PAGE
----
After a few minutes one of the other girls got out her phone and followed suit and so eventually did the third. As we walked along a not-very-busy Oxford Street my heart sank as the joy they had in each other's company dissipated into 'the cloud' – the latest euphemism for the place where our virtual ideas and identities are stored.

In an age when it's possible to have thousands of friends you will never meet, I see more isolation and loneliness than ever before. In an age when fame is the goal, not the by-product of real success as it used to be, it's as if having thousands of Facebook friends is a quick-fix for the fame junkies we've produced.

Now, don't get me wrong: I am an inveterate media junkie myself – I use Facebook to keep in touch with old friends I haven't seen for years (real ones, that is – people I have actually met; people with whom I have a history – a memory bank of shared experience and common friends).  I use Twitter to reach out to people who share my interests and to try to promote my activities as a composer. So I am a fully signed up techno-warrior.

So, how does 'The Soul Rests Eternal' offer nutrients for the soul? Well, I'm not sure that was what I set out to create in writing this music, but I do believe that the central tenet of my music's message – that relationships are ultimately all we have – is one that speaks directly to the soul. The music came about in curious circumstances – I was taken seriously ill and had to face the possibility of losing my life. My focus at that time was entirely on my relationships as I realised that, ultimately, all that mattered to me was the people I loved.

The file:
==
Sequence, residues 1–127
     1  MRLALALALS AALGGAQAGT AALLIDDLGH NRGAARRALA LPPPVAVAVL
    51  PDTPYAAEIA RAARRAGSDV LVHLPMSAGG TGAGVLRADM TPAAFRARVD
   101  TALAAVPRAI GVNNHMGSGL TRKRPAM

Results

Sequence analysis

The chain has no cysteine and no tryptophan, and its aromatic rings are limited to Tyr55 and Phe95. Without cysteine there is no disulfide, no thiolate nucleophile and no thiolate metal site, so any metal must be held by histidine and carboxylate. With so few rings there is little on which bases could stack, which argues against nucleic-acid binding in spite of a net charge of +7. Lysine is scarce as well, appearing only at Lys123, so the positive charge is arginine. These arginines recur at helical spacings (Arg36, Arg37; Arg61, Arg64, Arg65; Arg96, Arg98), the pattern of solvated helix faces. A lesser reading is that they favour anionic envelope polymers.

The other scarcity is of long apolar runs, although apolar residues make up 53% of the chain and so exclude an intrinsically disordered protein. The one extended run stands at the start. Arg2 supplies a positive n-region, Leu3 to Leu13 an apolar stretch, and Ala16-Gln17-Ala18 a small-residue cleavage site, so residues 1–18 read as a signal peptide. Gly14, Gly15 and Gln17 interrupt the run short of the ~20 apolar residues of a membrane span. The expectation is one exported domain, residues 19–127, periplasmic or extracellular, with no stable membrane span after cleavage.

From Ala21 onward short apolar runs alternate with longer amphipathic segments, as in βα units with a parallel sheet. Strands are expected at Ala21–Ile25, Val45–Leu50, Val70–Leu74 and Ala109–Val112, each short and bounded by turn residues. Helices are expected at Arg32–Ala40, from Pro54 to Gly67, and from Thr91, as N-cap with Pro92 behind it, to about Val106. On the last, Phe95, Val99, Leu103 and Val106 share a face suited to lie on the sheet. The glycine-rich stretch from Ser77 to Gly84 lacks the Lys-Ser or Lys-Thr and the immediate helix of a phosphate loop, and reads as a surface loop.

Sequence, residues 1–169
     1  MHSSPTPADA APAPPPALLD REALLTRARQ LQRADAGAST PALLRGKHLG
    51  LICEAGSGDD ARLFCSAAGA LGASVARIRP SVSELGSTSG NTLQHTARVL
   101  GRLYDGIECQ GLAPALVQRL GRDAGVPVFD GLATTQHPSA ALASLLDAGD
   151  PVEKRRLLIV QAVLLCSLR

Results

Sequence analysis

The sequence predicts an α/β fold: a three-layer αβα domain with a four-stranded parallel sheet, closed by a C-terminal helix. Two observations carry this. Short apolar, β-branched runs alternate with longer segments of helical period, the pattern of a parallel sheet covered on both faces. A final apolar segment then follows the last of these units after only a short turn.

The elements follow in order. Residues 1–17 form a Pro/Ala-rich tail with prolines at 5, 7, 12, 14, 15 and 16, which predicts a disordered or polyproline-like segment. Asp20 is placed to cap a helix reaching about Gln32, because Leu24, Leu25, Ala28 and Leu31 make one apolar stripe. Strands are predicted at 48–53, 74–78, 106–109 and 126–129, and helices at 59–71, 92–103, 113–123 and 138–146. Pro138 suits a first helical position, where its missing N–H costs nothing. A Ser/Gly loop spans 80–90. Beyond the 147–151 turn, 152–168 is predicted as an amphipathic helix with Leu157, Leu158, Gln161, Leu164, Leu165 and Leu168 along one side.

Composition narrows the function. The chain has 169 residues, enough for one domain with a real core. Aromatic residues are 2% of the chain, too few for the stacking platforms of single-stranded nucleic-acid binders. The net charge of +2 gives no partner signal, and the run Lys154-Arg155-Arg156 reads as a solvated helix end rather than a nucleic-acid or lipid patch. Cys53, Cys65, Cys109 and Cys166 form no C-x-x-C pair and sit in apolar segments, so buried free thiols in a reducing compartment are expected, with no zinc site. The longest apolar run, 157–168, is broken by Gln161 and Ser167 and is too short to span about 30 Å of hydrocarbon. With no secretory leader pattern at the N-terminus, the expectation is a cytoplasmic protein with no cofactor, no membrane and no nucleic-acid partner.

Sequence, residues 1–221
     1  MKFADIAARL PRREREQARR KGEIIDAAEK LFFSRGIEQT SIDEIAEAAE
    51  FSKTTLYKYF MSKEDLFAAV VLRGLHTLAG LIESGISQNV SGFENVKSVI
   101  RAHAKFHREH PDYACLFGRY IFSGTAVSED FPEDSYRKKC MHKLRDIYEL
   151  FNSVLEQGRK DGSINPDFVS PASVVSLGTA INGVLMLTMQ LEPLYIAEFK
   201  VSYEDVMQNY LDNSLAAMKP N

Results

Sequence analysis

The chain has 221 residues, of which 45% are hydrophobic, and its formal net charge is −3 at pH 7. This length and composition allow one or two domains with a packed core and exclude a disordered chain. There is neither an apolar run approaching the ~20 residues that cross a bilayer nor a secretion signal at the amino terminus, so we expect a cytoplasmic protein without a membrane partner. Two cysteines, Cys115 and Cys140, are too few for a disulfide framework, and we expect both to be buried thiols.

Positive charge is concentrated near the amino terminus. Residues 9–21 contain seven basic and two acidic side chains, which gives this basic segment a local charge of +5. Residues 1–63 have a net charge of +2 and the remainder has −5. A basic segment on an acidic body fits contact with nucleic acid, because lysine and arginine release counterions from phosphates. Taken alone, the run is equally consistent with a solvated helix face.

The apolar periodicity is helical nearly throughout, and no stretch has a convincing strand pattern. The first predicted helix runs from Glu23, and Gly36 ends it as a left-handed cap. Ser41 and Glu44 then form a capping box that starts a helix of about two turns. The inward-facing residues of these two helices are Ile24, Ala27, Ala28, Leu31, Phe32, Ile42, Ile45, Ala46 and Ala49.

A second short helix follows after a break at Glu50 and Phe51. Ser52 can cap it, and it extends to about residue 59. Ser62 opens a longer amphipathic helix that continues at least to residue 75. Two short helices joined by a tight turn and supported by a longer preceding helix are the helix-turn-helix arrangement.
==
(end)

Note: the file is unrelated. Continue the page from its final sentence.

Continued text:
So I wrote music that celebrated the relationships that meant most to me – even those I had lost. And so the music in some way became a reflection of that loss, but in a positive, celebratory way.

I think the music resonates with so many people because they project their own relationships, their own partings and bereavements, into the emotional soundscape I have created and it seems to offer them what one critic called 'quiet solace'. 

This music was my own quiet solace at a cathartic time and, if it offers the same to others, then I'm delighted.

2. The spirit soars when you walk the Australian landscape. People speak of connecting to the heart throb of the land; feel the living quality of the land around them. By contrast, those suffering from loss of loved ones describe the barren, silent wasteland that they find themselves in. How does 'The Soul Rests Eternal' help repair the void? What landscape emerges?

There is a strong link between nature and faith; between what we believe, what we hold to be true, and our physical surroundings. Pantheists have found their faith in mother nature since the beginning of organised religions.